CPTSD, Complex Trauma, Generational PTSD, Relationship Trauma | TMFR LLC

CPTSD Recovery: We Are Traumatized Motherfuckers

CPTSD, Complex Trauma, Generational PTSD, Relationship Trauma | TMFR LLC

  • 4.6. Acting out, Help-rejecting complaining, and Passive Aggression; The (most) Immature Defenses

4.6. Acting out, Help-rejecting complaining, and Passive Aggression; The (most) Immature Defenses

Thursday 27th June 2024

Explore acting out, help-rejecting complaining, and passive aggression in this CPTSD Recovery episode. Learn how these behaviours impact relationships.
Explicit
27 minutes
Informative
Engaging
Raw
Honest
Supportive

About this podcast

CPTSD Recovery: We Are Traumatized Motherfuckers
Author:
CPTSD, Complex Trauma, Generational PTSD, Relationship Trauma | TMFR LLC
Overview:
Categories:
Recovery from Trauma
Healing from Sexual Trauma
Healing Relationships
Recovery Reimagined
Understanding Addiction & Recovery
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Understanding Immature Self-Defence Mechanisms

Episode Overview

  • Acting out is a reactive behaviour without forethought.
  • Help-rejecting complainers vent emotions but reject solutions.
  • Passive aggression involves subtle sabotage and veiled resentment.
  • These behaviours often stem from early developmental stages.
  • Recognising these patterns can lead to healthier coping strategies.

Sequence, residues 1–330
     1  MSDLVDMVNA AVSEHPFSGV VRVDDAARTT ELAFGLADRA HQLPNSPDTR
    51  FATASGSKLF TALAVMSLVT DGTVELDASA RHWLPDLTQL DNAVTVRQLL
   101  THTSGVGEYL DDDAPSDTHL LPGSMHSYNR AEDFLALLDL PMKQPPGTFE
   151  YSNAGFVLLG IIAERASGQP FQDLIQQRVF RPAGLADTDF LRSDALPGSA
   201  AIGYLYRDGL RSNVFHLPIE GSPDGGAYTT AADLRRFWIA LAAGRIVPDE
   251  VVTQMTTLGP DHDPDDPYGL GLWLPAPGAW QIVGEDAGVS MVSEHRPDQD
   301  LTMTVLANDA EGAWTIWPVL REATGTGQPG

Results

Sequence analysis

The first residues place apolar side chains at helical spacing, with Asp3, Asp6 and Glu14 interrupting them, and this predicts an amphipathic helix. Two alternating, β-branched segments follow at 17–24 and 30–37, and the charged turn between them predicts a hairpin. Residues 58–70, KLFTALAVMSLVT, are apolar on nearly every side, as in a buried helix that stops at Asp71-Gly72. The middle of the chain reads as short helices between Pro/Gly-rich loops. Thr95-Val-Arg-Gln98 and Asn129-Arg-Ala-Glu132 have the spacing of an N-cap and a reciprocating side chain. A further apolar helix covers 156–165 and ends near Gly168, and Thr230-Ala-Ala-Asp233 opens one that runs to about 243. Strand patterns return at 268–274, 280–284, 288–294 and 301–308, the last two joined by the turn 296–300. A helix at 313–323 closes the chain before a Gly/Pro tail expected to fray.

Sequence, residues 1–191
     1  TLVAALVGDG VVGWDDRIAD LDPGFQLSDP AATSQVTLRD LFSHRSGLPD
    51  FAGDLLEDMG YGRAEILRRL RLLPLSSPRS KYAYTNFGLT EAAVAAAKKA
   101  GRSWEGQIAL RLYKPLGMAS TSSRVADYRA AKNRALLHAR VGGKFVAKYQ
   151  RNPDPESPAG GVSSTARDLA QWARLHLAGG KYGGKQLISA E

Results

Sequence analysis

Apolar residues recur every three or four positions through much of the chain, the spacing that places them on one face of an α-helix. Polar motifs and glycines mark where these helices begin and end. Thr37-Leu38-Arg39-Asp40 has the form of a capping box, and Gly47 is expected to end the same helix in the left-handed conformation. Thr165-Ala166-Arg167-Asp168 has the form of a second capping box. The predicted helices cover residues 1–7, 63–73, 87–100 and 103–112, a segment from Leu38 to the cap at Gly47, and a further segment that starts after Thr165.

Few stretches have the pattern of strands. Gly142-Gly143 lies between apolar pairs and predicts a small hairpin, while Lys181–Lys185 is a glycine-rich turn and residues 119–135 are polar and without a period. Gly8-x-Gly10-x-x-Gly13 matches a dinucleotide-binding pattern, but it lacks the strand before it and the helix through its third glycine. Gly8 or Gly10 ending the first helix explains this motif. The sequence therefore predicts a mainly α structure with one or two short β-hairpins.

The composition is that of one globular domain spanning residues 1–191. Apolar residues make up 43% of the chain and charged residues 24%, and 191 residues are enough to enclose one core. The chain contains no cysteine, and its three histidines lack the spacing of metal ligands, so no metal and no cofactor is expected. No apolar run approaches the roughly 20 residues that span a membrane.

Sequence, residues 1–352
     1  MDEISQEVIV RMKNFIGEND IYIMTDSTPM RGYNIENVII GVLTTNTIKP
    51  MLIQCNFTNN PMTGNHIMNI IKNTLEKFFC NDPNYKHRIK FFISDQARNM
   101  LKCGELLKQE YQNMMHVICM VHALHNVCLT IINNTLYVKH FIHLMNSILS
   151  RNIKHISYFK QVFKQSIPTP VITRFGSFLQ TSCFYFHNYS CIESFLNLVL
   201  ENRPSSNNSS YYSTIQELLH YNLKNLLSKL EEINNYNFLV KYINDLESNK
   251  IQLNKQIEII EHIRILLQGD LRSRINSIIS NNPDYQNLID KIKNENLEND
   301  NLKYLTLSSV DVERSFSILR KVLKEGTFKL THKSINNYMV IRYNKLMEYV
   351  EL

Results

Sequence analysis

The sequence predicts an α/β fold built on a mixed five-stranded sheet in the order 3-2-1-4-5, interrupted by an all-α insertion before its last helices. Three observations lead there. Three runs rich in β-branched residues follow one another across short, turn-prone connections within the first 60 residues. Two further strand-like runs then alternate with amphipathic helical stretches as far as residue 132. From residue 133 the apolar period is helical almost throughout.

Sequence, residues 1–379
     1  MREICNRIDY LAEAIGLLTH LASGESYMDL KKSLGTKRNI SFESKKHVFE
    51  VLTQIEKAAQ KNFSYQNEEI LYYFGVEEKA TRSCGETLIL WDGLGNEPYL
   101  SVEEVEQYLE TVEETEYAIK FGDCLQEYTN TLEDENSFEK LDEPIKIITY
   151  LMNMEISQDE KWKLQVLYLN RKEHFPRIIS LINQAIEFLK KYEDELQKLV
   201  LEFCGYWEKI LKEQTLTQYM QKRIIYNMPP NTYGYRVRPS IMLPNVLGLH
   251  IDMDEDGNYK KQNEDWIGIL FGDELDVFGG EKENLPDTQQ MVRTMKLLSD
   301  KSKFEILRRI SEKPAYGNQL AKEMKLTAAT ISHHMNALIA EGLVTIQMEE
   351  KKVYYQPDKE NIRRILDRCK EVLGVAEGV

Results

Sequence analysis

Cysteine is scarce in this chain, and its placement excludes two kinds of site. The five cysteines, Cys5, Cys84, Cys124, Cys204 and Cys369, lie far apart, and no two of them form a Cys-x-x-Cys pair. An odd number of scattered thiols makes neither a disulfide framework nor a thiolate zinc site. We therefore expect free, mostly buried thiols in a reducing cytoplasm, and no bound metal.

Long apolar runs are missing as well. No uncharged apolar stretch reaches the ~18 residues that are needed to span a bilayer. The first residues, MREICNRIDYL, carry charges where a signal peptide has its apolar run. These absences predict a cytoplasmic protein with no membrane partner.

Acting out can sound like someone's throwing a tantrum or pitching a fit, but in reality, it's just not having the higher consciousness to recognise that the way your strongest thoughts and emotions are popping up might not be the healthiest or most beneficial ones
Have you ever wondered why some people seem to react without thinking, complain without wanting solutions, or behave in ways that just don't make sense? In this episode of 'CPTSD Recovery: We Are Traumatized Motherfuckers', the host dives into the immature self-defence mechanisms that many of us, and those around us, might still be using. These mechanisms include acting out, help-rejecting complaining, and passive aggression.
The host explains how these behaviours stem from our early developmental stages and why they persist into adulthood for some individuals. Through a mix of neuroscience, behavioural science, and real-life examples, the episode sheds light on how these patterns affect our relationships and mental health. You'll hear about the tantrum-like reactions of acting out, the paradoxical nature of help-rejecting complainers, and the subtle sabotage of passive aggression.
With a blend of humour and raw honesty, the host encourages listeners to recognise these behaviours in themselves and others, offering insights into how to move towards healthier coping strategies. Don't miss out on this deep dive into the quirky ways our brains try to protect us – it might just change the way you see yourself and those around you.